I’ve been on tour with The London Dirthole Company, legendary London based noise creatives. The music made by The London Dirthole Company is a joyful ride into the world of the modern Outsider artist as a musical phenomena. As out of time and place and unreservedly important as The Fall, The Monks and The Velvet Underground. The London Dirthole Company forge an uptempo thundering garage pop hybrid that is inexplicably both brutal and sensitive.
Here’s my take on the first show in Antwerp. From there we crawled to Berlin, Kolding and Copenhagen… more dates this summer. Can’t wait.
Dirt time. Pay dirt. We hit the stage, most of us in sharp suits, and do the job, loud, bestial and with a wry grin down into the cavernous venue, the audience behind the cameras, squashed against the wall by the Dirthole noise. The sound is great in an aggressive, merciless way and the band churns like an old, well oiled steam engine, defying time, space and bad clothes down below. Ashley counts in the songs, there’s no need for long introductions or pauses, the Dirthole is always ready. We start with the one-riff party stomper From A to B, naturally, and finish with the RocknRoll burnout Amnesia. Peter jerks and wails, his skinny frame in retro-fitted Saville Row garments, bouncing up and down in front of the wall of drums and metal like an East End dervish. Rob in pinstripe hits the drums like a man used to wet work, Roger in bulky silk suit doing the Escobar to perfection, Kirsten a scary beautiful scarecrow, a Keith Richards caught in the Fluxus movement, beating the shit out of an upturned sink. At the back, Debbie starts the songs and puts down the grooves with frightening precision though they are instantly assaulted by Ashley’s barely in tune bass monster. The Dirthole maestro stands on stage as if on deck of a 19th century whaling ship, a punk rock Captain Ahab, out to spear his audience and, if necessary, jump down its throat. Professor Paul, cowboy hat and Telecaster clangs across the songs, such as they are, with furious stakato accents that would make a renditioned CIA hostage instantly lose his mind. I stand in the wings, hat in my face, and keep a tight riff going, trying to remember songs I barely know. It’s all good. It’s a glamorous rehearsal. Halfway through the show I glance across at Ashley and find myself in a weird time warp, young and old at the same time, and definitely noisy. Noisy as a Dirthole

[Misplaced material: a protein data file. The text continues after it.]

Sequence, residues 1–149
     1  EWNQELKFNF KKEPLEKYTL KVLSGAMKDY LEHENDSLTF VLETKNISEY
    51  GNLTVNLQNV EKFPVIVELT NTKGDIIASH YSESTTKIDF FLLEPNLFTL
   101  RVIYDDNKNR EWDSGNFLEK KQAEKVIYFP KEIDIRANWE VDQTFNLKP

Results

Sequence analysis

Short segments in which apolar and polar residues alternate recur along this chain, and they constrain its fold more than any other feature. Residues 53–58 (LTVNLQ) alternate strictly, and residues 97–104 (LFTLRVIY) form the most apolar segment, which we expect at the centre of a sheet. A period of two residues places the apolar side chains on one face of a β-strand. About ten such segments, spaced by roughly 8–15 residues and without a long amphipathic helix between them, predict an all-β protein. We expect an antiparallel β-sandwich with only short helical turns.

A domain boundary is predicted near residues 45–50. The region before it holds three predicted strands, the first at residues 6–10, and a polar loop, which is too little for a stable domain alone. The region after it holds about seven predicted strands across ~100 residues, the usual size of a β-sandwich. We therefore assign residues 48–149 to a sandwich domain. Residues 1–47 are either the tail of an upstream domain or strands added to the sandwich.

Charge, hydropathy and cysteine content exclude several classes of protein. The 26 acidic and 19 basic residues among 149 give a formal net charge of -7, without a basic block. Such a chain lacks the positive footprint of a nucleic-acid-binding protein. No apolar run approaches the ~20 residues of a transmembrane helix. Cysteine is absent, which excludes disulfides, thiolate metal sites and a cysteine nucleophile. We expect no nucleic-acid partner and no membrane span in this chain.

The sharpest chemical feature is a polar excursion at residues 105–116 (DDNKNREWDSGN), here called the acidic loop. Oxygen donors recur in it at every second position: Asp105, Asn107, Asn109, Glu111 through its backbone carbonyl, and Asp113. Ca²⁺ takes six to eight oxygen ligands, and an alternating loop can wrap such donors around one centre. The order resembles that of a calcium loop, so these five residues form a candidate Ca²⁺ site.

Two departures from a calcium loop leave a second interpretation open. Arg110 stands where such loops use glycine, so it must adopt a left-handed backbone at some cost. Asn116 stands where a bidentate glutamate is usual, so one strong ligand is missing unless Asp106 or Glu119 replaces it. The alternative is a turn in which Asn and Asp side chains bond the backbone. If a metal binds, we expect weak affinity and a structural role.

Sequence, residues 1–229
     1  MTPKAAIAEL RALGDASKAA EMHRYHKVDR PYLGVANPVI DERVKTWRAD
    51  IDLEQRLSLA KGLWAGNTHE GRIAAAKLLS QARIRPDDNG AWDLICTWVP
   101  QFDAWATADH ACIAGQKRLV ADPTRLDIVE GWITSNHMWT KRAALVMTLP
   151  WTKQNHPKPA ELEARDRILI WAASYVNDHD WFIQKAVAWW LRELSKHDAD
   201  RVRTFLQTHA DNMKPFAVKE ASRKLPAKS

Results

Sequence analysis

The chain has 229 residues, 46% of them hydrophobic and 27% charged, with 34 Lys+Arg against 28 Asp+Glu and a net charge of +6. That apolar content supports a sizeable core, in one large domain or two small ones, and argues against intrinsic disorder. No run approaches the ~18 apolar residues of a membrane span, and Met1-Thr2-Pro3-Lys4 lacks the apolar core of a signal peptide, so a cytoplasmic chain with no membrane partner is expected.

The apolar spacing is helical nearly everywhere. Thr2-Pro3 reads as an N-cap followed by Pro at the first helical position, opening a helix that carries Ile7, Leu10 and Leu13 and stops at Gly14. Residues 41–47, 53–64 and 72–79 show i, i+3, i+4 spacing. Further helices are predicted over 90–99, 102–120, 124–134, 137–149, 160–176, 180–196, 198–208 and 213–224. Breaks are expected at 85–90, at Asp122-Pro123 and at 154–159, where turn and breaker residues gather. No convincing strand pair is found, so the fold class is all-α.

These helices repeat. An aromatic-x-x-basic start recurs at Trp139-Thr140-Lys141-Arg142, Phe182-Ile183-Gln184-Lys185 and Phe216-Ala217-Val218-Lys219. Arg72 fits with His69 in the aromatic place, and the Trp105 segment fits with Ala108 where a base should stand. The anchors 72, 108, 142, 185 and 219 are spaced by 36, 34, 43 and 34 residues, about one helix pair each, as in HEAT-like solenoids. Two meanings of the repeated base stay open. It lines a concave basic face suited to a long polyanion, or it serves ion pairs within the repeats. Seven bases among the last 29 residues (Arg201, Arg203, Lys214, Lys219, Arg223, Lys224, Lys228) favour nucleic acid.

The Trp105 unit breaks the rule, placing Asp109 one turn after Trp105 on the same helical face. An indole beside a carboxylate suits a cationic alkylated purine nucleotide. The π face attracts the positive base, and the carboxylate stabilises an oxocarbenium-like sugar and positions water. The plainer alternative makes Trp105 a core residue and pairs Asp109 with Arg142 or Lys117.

All my dreams are coming true. Everything rains on me. I can’t take no more, Everything rains on me.